Local writers picket for fair share of ‘new media’ profits


As the Writers Guild of America’s nationwide strike entered its second month, a dozen Twin Cities-based members of the union picketed in solidarity outside the busy Uptown Theatre in Minneapolis last Saturday night.

The writers’ demands? Just “a sliver” of the money TV and movie producers are making off sales of so-called residuals, like DVDs, video downloads or online streaming.

That sliver, according to the union, amounts to 2.5 percent of revenue the studios, represented by the Alliance of Motion Picture and Television Producers, earn from delivery of writers’ work via the Internet, and 8 cents per DVD the studios sell.

“A portion of revenues from the Internet and new media is crucial to our mutual survival as writers,” said Michael Winship, president of the eastern half of the WGA, representing TV and film writers around New York. Winship called the strike, joined by writers on the West Coast, a “fight of our creative lives.”

Outside the Uptown Theatre, which supported the informational picketing last Saturday, local writers cast their union’s struggle in the simplest of terms.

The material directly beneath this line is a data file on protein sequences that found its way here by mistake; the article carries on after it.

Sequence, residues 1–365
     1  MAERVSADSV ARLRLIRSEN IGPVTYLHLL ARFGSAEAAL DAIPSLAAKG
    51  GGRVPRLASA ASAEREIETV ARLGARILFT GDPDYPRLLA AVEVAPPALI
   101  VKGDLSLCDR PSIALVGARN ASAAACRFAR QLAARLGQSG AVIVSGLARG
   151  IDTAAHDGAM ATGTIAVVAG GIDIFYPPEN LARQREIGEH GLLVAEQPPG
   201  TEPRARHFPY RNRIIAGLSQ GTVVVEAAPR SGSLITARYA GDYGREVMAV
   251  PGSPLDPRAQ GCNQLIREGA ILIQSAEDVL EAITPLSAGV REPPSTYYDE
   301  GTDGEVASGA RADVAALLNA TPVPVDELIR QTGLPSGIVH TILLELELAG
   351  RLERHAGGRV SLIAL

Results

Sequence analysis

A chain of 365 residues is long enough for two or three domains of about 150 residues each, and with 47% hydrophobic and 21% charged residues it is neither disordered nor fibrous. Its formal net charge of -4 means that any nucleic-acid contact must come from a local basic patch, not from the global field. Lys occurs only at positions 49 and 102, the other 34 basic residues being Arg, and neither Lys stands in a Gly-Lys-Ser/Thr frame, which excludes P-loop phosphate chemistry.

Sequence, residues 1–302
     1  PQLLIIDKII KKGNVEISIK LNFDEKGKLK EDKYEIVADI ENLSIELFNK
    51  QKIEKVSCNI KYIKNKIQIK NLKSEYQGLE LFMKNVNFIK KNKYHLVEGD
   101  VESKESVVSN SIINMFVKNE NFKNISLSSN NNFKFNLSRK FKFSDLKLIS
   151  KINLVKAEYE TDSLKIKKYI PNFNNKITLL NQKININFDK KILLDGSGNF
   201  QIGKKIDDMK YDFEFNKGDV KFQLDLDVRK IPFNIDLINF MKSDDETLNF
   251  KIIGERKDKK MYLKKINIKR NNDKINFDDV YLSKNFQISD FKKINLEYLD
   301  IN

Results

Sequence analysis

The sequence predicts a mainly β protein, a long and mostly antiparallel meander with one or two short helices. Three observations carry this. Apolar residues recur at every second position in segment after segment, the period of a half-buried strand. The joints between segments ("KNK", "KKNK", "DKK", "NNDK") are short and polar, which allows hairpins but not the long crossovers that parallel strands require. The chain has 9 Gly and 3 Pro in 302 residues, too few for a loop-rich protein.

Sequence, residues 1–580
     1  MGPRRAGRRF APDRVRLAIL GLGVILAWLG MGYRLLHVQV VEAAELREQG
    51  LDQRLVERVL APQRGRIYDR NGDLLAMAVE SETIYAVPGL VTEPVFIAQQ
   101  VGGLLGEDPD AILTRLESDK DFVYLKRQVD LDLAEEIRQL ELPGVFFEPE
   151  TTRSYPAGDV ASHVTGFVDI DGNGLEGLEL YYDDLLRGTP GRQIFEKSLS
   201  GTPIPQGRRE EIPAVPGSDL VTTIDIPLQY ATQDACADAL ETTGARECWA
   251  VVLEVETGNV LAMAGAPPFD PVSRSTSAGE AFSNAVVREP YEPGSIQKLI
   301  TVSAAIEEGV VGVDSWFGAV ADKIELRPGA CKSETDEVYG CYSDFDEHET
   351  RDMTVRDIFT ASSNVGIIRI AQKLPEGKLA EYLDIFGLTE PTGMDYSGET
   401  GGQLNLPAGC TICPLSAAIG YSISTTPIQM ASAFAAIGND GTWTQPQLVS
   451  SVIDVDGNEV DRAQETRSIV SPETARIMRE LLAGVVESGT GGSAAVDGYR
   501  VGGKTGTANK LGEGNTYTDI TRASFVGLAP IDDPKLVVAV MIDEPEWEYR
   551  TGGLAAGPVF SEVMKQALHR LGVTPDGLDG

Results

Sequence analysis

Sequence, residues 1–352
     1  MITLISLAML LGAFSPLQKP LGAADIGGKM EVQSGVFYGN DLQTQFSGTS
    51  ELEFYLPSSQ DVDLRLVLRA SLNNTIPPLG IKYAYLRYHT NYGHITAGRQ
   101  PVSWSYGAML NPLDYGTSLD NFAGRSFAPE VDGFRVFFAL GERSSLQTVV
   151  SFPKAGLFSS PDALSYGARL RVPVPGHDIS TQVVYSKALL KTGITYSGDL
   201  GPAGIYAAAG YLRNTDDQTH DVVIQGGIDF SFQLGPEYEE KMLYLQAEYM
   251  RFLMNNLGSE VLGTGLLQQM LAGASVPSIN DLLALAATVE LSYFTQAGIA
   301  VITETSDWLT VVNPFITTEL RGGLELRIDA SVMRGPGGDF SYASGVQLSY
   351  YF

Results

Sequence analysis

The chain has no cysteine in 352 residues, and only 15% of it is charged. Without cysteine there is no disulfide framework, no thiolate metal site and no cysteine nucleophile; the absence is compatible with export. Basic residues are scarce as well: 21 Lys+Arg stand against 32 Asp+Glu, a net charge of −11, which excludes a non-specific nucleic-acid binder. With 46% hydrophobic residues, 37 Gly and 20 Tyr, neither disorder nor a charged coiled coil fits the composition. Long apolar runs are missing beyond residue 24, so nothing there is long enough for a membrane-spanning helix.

When the film screened inside the theater comes out on DVD, they told moviegoers, just 4 to 6 cents of every sale will go to the people responsible for its writing. And when the movie is streamed for online viewers or made available for downloading, the writers are not guaranteed a cent of the profits.

Writers have made it clear they are willing to make sacrifices in the short term to avoid losing out on new revenue sources in the long term – a mistake they admit making in 1985, when they agreed to accept an insignificant percentage of VHS and, accordingly, DVD revenues from the production companies. That arrangement is why writers get just 4 cents per DVD sold today.

Still, the sacrifices required by the strike are real, union member David Grant said, and they touch the lives of both writers who were employed before the strike and writers who weren’t.

“The only way you can make a living out of this is to have a number of balls in the air at one time,” Grant said. “The strike slows all of those projects down.”

The longer the strike lasts, union member John Olive added, the more “difficult or impossible” it will be for writers to regain traction on their projects.

For that reason, the Writers Guild asks supporters to call or write media executives and tell them to give union writers a fair share of the billions they make syndicating TV shows and selling films on the Internet and on DVDs. Executives’ contact information and a list of other ways to show support for the writers are available online at www.fans4writers.com.

For more details on the writers’ strike and on negotiations between the WGA and the production companies, go to www.unitedhollywood.blogspot.com or www.strikenotes.blogspot.com.

Michael Moore edits The Union Advocate, the official publication of the St. Paul Trades & Labor Assembly. Press Associates, Inc., news service contributed to this report.